Time For Some Fun: Alexotics Project Car Round Two.

Two summers ago I introduced the world to my first resto project - a mouldy, faded, rusty, torn apart red on beige 1990 BMW E30 325i Convertible. She was magnificent. Err... she was not. But in my mind, I refused to see her in her current state and instead imagined her the way she looked when she left the showroom at the hands of her proud first owner.



I then documented the restoration process here, here and here, which unfortunately was cut short due to my relocating to Toronto. But nonetheless, in one month's time from time of purchase to time of sale, I managed to give the old girl a paint and bodywork refresher in unison with a good interior scrub. I then sold it to my neighbour who had watched me put countless evenings of manual labour in it. Sure I made a bit of a profit, but my neighbour basically got my manual labour for pennies on the dollar. Smart man.

Fast forward to August of 2013 when I began looking for another project. From way out of my price range Porsche 911 SC's to crummy 60's mustangs, I considered all corners of the enthusiast spectrum. But as my search evolved, I had suddenly developed an urge to take my next project racing. And I'm talking $500 at most Craigslist-find Chump car racing for which the only requirement is that it's got 4 wheels on the bottom and a roof on top. Actually, I've seen convertible Chump racers, so not necessarily the Formula 1 of the West Coast.

ChumpCar can get a little out of hand sometimes - like this creative Miata E30 combo.
The rules of Chump car are simple. Your car can only cost $500, perhaps more if you can sell some parts and bring it back down to $500, and it'll need the required safety equipment consisting of a roll cage, racing seats with harness, kill switch, and ideally a fuel cell. My personal requirements then were: stick shift, rear-wheel drive, coupe, and for it to have some racing pedigree. Since I'm a fan of the late 80's German DTM cars, and since the Mercedes 190E's have 4 doors, my choice was simple - it had to be another E30.

SpecE30 is a step up from ChumpCar.
Adding to the E30's case is that I've been following up on the SpecE30 series that races 1987-1991 M20 engined (325i or 325is) E30s in the States. The regulations are a bit tighter than Chump, but from what I gather it's the absolute funnest place to be if you have an E30 in the garage. There's a minimum weight requirement, safety equipment has to be to NASA certified spec, drivers need a racing license, and all cars race on DOT approved Toyo tires. So this would be a step up from track days or Chump. Nevertheless, reaching this series is the overall goal.

Now I'll have you know that here in Vancouver, BC there are more BMW E30 'Wanted' ads than there are 'For Sale' ads. This means that for every E30 listings that pops up, there'll be 9 buyers lined up on the un-expecting seller's yard come Saturday morning. Each one of them hoping that an old lady will open the door looking to sell her noisy old BMW 3-Series something or other for pennies. Since going to these boxing matches is a waste of time, I've resorted to the following two strategies. 1) Look for mis-catagorized for sale ads, and 2) never stop placing friendly notes on local E30's windshields. The latter hasn't yet paid off, but the former sure has. After going for a very positive test drive that ticked all the right boxes, I can now call myself the (near) owner of a 1987 E30 325is with a 5-speed and more racing pedigree than you can wave a stick at. At it's time, it was the forerunner of the mighty, legendary, cult-status E30 M3, a car that'll cost your $30,000+ to park in your garage. The bonus of course is that the 325is has that lovely in-line 6 that the E30 misses. Sure it doesn't rev as lively but it sure drives a lot smoother.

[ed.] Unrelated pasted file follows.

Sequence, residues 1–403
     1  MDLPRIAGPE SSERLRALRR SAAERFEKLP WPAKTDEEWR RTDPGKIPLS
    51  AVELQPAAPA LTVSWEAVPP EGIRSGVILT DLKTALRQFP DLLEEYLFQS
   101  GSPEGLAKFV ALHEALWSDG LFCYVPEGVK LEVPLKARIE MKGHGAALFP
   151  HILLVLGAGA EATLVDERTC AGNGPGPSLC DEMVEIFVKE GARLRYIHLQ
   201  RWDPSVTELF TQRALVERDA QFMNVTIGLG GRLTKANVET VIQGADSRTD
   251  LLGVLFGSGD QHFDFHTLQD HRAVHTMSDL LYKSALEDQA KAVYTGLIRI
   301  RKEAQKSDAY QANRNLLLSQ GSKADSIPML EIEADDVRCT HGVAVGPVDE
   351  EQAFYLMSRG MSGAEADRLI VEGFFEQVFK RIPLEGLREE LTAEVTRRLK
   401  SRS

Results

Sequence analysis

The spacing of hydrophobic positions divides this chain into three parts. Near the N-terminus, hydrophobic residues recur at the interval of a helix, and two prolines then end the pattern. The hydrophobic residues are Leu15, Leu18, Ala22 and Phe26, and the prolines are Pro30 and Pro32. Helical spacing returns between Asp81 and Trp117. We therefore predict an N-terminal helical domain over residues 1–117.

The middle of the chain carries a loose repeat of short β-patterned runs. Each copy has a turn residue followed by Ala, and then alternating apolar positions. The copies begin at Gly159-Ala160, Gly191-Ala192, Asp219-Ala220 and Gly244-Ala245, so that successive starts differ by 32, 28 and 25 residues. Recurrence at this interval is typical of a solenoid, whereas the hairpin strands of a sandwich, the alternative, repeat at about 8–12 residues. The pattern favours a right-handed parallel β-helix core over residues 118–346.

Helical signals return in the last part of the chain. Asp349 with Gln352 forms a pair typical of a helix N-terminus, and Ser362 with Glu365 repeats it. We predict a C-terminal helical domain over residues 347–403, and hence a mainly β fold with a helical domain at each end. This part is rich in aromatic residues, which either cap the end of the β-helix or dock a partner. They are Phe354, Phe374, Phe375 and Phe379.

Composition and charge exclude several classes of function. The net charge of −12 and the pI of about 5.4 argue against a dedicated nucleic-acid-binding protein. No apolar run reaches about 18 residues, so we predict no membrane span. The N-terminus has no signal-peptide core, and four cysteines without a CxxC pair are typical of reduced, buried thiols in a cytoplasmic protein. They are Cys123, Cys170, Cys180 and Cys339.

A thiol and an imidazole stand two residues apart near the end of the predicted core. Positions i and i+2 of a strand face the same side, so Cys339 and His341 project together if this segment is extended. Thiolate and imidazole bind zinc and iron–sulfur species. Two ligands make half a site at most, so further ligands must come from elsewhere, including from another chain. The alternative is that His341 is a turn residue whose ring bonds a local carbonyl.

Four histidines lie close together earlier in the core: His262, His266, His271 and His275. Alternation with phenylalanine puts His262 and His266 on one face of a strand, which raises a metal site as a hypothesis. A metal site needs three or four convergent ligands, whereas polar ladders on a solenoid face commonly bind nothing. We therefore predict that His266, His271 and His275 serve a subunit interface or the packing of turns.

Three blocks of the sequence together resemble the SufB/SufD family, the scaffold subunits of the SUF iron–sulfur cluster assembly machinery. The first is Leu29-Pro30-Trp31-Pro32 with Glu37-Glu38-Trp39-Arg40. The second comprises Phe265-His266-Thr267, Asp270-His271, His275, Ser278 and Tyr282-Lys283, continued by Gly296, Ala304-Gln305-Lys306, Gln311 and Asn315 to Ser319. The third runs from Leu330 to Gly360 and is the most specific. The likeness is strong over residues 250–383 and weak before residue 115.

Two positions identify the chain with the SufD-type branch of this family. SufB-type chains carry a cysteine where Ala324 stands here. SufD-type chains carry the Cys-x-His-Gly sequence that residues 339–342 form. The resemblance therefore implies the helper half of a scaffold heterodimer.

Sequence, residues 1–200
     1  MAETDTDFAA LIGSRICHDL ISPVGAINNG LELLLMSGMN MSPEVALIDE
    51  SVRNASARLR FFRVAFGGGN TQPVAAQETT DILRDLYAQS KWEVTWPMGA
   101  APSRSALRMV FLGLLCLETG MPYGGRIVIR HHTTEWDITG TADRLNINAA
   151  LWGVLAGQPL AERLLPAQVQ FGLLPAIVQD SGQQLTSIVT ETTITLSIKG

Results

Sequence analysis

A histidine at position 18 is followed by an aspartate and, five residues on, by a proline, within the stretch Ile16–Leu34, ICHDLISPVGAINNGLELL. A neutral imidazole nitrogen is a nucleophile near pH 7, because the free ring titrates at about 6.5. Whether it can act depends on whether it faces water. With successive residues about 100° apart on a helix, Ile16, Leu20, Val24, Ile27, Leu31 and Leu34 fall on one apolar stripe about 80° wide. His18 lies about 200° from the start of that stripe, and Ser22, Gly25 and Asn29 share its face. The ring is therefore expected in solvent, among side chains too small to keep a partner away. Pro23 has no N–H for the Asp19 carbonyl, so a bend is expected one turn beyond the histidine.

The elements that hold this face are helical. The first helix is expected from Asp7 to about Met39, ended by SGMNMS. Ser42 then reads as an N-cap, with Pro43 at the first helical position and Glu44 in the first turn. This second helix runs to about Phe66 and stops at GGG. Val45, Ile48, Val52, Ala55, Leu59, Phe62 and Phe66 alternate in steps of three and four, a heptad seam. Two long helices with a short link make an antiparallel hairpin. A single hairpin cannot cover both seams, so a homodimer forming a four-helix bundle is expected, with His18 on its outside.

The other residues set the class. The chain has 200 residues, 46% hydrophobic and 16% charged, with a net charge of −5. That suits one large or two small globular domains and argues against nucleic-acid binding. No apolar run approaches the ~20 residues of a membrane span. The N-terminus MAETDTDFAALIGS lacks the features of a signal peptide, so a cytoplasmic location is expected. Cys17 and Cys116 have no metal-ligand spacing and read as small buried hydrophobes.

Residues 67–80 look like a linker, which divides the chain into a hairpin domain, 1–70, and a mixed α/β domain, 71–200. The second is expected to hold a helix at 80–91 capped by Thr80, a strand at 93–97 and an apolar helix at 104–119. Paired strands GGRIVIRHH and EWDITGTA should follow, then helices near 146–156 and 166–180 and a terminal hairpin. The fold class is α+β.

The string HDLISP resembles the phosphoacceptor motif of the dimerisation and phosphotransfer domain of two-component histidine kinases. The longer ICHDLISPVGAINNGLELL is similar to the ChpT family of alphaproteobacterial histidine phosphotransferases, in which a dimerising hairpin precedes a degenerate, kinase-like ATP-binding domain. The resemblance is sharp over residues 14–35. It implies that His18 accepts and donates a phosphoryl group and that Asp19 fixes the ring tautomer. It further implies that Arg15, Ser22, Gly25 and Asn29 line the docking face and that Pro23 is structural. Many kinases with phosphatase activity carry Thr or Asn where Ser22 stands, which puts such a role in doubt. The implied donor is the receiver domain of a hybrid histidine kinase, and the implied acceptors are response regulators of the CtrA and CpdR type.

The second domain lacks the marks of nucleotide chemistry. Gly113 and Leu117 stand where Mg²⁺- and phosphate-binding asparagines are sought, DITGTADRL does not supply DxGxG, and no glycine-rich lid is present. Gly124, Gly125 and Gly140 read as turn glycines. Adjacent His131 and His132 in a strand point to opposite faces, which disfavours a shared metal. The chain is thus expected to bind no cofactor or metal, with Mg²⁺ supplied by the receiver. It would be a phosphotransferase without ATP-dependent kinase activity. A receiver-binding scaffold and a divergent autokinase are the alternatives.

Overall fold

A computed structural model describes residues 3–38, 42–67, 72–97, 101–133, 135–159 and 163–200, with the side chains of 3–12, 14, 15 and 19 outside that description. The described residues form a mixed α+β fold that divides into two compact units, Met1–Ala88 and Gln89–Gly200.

Hello, gorgeous - say hi to the Alexotics readers.
So, here we are. Pending a mechanical inspection tomorrow it'll be mind. It'll be my second E30 that I've owned and the 3rd that I've regularly driven. I'm beyond excited to park it in the garage, (sorry GTI, you'll be out in the rain for a while I'm afraid) and roll up my sleeves. Here's what I have in mind during the Vancouver rain season:
  • Assemble two or three friends to begin thinking out the budget and logistics for a racing team
  • Inspect and upgrade the car's vitals including diff and tranny fluids
  • Pray for no undiscovered rust or fuel/water pump issues
  • Re-install and clean up (sand and paint) the M tech bodykit, especially the front 'is' bumper
  • Look for Bride or Recaro racing seats to replace the very aged current stock Recaros
  • Consider my options regarding short shifters and OEM BMW shifters
  • Grab some quotes on roll cages, suspension, and fuel cells
  • Get my racing license through SCCA, HPDE, or a competition school
As you can perhaps tell form the list above, I'm hesitant to start ripping the 325is up with the aim of making it lighter. It's a special little car that deserves respect. And only when I'm completely convinced that we'll start racing, that's when I'll change mindset from restoring her to showroom, to restoring her to race-spec.

Aged to perfection.
I hope you'll have as much following what'll happen in the next few months as I'll have figuring out how to make it happen. Thank for reading the blog on this rainy Sunday evening and make to sure to check back on a weekly basis.

Alexander.